How Do K-pop Idol Group Members Get Paid?
Without a doubt, more and more K-pop idol groups have been sprouting up in the Korean music industry. The growth of K-Pop has doubled over the decades, which makes everyone ask: How much money do K-Pop idols really make?
As we all know, each band member does not receive the same amount of attention and gigs. So, does that affect their paycheck? Does the money made by one member get split among the other members, or is it kept all for themselves?
Nichkhun of 2PM is one example of this situation. If he films an ice cream commercial in Korea, a beverage commercial in Thailand, appears on variety shows, and stars in a television drama, how much of the money he makes actually goes into his pocket? Here’s the answer:
- The ice cream commercial will be even split between all six members. Nichkhun will be able to keep the money made from the Thailand commercial.
- Money from the variety show appearances will be split between the six members.
- Nichkhun will receive the entire amount of money made from the television drama.
This system was an initial contracted agreement between 2PM and JYP Entertainment. All profit made must be split among the six members, with exception from the drama roles and commercials filmed in their individual homelands. Splitting profit between six members may seem like a lot of money, but consider groups like SNSD, with nine members, Super Junior with 10 (at the moment), and 20 Star with seventeen members (wavering). Then the situation then becomes a different story.
JYPE and Cube Entertainment both follow the equal pay distribution system. The pay is equally divided among all the members–even if one member has more gigs or appearances than the others. One official explained:
“If a member gets some individual work, it’s because he’s ultimately a member of the respective idol group.”
Not all entertainment companies follow the same system. For example, SM Entertainment is a company that frequently has their entertainers multi-task. Seen through promotion and appearances, there are usually members who are featured more than the others. For example, SNSD‘s Yoona & Taeyeon and Super Junior‘s Heechul & Leeteuk. An SM Entertainment official commented:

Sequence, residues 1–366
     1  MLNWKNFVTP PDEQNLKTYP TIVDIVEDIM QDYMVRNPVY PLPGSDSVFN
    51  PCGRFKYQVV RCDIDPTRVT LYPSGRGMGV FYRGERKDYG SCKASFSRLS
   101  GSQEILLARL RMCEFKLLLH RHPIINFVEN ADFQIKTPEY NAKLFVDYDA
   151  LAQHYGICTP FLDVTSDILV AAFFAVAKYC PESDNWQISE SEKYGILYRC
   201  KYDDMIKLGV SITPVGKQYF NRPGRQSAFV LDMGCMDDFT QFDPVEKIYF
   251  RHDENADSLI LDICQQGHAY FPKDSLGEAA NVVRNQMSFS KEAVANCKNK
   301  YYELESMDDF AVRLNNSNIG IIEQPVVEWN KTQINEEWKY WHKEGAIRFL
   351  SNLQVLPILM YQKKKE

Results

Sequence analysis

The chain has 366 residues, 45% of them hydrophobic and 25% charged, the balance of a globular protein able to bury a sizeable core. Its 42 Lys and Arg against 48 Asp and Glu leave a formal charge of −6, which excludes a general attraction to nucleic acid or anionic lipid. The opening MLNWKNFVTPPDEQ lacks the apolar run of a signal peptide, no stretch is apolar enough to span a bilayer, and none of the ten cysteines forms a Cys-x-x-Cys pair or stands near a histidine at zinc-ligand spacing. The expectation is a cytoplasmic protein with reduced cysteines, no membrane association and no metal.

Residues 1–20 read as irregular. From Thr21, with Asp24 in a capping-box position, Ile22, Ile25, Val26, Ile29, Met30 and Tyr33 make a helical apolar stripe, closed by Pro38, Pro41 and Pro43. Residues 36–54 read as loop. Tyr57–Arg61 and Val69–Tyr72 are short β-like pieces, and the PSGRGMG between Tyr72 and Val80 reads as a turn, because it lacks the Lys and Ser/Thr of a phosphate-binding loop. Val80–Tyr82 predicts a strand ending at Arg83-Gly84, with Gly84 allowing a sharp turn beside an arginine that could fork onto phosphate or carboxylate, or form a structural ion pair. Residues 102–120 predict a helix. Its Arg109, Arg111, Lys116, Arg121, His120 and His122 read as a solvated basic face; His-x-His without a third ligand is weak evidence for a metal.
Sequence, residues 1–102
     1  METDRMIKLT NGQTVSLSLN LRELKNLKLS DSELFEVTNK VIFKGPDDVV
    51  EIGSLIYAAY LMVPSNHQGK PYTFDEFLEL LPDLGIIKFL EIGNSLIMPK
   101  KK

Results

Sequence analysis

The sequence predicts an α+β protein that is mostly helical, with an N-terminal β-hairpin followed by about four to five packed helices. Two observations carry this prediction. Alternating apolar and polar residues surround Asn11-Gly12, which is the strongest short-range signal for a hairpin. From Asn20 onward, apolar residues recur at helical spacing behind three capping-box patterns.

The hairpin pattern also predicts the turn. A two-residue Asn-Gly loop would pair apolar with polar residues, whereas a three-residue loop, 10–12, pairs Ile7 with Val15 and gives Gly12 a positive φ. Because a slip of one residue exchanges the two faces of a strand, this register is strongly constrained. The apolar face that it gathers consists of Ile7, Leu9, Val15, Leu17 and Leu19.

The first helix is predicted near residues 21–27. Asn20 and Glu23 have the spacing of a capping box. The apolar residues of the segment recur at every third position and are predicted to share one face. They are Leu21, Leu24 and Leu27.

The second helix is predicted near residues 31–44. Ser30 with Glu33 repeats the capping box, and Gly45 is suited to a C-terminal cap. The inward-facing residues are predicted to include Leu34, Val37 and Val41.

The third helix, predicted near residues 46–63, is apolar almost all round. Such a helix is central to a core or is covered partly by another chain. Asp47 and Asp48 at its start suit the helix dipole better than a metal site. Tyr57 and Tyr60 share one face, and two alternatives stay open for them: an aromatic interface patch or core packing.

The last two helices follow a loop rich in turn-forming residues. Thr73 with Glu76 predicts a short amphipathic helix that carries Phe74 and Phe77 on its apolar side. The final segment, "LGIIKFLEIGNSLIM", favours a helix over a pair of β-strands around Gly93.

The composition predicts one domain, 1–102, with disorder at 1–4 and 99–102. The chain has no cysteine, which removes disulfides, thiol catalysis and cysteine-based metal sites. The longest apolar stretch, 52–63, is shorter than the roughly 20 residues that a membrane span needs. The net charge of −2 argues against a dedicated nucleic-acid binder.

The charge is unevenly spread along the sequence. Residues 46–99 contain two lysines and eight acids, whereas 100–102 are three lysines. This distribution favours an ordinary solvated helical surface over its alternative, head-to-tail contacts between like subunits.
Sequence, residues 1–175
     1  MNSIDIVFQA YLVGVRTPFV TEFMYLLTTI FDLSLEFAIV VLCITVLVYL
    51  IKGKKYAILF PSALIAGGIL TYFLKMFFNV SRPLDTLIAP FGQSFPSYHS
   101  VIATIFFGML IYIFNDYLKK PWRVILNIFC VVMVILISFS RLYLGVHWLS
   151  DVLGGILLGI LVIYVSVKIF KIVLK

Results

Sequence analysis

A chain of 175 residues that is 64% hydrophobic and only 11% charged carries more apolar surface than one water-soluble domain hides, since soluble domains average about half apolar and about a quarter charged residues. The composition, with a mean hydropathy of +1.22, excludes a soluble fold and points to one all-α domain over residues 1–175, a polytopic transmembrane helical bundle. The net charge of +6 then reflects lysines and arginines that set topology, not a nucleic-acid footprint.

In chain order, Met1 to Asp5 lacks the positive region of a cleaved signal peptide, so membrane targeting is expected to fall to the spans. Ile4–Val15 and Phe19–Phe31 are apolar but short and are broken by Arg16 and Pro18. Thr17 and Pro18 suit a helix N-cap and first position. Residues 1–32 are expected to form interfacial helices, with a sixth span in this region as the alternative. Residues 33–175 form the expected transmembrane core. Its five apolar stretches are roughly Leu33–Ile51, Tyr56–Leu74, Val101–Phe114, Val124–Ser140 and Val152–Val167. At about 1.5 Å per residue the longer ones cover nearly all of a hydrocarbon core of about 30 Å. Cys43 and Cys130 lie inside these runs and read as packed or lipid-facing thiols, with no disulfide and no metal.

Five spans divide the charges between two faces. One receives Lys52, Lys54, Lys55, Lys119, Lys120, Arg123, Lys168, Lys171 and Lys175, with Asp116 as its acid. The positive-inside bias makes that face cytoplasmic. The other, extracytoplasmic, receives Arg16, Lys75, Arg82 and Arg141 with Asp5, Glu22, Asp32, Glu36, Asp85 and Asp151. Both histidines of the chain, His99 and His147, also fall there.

“Because the difference in pay between the highest paid Super Junior member and the lowest paid Super Junior member is so big, their vibe [together] is a bit weird.”
Pledis Entertainment and Core Contents Media use yet a different system. The members from each of these companies are allowed to keep what they individually earn. However, whenever a Core Contents Media group is featured on a variety show, the company keeps the entire pay. The company considers that is justified, because appearances on variety programs are used to promote the group albums, and the pay per episode is not a great deal of money. So, having that money go to the company will not negatively affect the group. One entertainment industry insider commented:
“Whether you do it this way or that way, there are bound to be complaints. In the case of splitting the pay, members with more active schedules have the most complaints. As for systems where each member gets to keep their own pay, the less popular members [with less work] has the most complaints. There’s a reason behind the fact that idol groups form easily and break up easily.”
Which distribution method do you believe is the best?